This is particularly crucial when you consider that over 90% of rapes reported in India are committed by people familiar to the victim, including relatives, neighbors, and employers. To create an equal as well as a safer space for women, it's important to drive change right from an early age. Children, after all, follow by example. When a boy finds that the rules meant for his sister do not apply to him, it conditions him to believe that there's a lot he can get away with that girls cannot. Similarly, we instruct our daughters to watch out for dangers on the road, but often forget to teach our sons something as basic as consent and accountability. As a consequence, we raise girls who lack confidence and boys who think they can get away with anything – a recipe for disaster if there was ever one.
The next time you find yourself saying 'boys will be boys', take a moment to reconsider; you may be part of the problem.
SOURCE: Hindustan Times
From chowmein and cell phones to hostel curfews, politicians over the past several years have found many innovative things to blame for the high incidence of crimes against women. While we may laugh over them, these statements ultimately reflect that authorities have neither learnt to take these crimes seriously nor handle them sensitively. To make things worse, these ridiculous notions often distract us from the larger picture – from outraging over a rape, we merely move on to outraging over stupidity. Rather than shake our heads and carry on, next time point out how all this nonsense prevents us from rectifying the sorry state of women's safety in India.
Retaliate with demands instead: Ask for safer public transport, well-lit community spaces, faster processing of cases, higher conviction rates, and sensitive handling of victims by concerned authorities.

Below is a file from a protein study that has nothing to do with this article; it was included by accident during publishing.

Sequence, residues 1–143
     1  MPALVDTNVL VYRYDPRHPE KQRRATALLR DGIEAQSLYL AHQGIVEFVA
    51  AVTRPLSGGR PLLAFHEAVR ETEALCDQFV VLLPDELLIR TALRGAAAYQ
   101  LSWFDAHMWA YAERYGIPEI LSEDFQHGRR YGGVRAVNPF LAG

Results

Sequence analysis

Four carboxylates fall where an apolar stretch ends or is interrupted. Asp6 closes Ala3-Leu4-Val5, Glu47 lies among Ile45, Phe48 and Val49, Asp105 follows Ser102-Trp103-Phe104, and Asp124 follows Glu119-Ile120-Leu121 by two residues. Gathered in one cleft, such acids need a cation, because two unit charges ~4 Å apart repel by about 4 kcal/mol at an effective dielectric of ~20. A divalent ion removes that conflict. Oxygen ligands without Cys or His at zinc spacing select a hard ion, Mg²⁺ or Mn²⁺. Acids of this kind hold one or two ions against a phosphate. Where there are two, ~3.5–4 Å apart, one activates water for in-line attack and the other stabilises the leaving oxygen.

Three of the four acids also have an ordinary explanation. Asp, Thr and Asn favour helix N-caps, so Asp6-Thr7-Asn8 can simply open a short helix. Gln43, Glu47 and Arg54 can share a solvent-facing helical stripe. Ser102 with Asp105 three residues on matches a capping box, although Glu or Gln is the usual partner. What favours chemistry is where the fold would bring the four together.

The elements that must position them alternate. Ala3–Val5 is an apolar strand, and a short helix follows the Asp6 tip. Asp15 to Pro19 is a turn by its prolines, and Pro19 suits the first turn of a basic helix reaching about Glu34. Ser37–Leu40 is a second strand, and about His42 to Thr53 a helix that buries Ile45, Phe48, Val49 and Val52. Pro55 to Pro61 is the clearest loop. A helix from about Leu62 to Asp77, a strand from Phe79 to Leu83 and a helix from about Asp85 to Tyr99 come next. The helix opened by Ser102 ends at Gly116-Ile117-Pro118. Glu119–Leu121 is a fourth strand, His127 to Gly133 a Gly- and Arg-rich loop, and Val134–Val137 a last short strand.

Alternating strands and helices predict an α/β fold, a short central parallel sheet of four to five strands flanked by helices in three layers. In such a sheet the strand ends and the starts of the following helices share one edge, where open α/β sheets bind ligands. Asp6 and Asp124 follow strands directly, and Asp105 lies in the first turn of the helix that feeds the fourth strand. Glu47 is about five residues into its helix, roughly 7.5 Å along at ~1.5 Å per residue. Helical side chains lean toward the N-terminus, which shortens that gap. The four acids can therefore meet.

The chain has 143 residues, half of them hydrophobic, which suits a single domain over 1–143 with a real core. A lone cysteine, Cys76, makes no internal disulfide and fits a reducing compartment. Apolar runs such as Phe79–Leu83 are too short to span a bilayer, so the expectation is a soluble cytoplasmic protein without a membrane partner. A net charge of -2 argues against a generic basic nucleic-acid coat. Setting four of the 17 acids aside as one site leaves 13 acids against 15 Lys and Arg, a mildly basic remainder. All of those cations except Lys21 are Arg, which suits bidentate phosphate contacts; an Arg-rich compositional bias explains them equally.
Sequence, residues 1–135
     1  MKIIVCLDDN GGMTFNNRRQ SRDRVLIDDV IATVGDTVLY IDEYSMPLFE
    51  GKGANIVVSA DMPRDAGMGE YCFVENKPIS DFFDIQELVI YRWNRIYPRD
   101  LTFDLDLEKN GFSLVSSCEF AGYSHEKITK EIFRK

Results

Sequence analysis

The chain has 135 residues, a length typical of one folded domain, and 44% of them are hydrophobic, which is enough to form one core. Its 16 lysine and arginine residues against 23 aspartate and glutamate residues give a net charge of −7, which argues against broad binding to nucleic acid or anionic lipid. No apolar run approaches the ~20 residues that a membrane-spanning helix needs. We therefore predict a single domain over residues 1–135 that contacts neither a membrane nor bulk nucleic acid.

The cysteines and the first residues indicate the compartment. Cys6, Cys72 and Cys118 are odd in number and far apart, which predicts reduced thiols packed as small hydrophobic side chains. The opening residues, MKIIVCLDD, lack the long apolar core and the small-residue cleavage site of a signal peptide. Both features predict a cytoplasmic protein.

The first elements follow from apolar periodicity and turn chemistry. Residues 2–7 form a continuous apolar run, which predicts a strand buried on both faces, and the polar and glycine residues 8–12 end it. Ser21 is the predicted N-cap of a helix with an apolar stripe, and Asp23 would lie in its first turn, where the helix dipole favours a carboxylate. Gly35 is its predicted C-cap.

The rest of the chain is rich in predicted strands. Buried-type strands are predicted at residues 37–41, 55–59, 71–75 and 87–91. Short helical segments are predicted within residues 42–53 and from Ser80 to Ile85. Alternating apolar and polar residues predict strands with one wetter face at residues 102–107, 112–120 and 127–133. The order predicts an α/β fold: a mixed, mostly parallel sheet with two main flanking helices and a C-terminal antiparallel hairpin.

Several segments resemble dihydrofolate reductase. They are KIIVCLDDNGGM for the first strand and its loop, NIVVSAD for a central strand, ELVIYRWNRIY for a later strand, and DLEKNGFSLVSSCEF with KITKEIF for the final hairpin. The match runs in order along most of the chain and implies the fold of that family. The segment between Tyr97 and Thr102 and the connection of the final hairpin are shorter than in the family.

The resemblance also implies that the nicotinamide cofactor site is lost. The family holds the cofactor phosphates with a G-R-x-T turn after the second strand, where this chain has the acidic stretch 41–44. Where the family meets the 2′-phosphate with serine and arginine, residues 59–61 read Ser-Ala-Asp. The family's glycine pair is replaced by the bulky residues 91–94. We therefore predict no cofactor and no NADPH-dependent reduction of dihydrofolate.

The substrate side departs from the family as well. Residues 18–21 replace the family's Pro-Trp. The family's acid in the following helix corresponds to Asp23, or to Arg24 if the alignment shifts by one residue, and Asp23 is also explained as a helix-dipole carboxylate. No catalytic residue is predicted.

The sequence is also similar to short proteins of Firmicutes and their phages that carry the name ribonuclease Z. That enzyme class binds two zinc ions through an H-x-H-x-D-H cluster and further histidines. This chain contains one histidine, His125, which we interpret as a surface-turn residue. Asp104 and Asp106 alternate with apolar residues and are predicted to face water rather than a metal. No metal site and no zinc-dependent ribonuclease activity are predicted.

5. Don't forward that rape joke
We often let issues like gender inequality take a backseat because the problem seems too large and complex for any one individual to tackle. However, there is one thing you can personally do to make sure that things don't get worse—and that is to stop forwarding, creating, or share insensitive content among others.
Repeat after us: Rape jokes are not funny. Do not forward them even for a laugh, and definitely reprimand those who do. The same logic holds for sexist jokes and forwards passed around on family groups, as well as Bollywood chartbusters that celebrate harassment as love. Point out how such jokes, songs, and ideas create a culture of misogyny and objectification, ultimately creating a world where men presume that 'no' only means they must try their luck again.
Reacting after a crime is only natural, whether you post your opinions online or take to the streets in protest. However, with crimes against women being as rampant as they are, perhaps it's time to concede that reactions alone cannot change the status quo. Instead, what might work are smaller, practical steps that are less exciting than a candlelight march but infinitely more useful in the long run.
Join the conversation today at www.jaagore.com
Last summer, India faced its worst water crisis till date, with official data revealing that 91 key reservoirs around the country...
Our general attitude to sports and sportspersons in the country today has become this– quick to criticize, but apathetic to making any real change. Our attitude...
In the latest chapter of Tata Tea's widely successful #JaagoRe campaign, the brand gives this all-too-familiar image of the alarm a powerful and socially relevant twist...
Meet Manju George, working with ESAF's Liveable City Project, who is bringing about more open spaces, playgrounds and safer streets...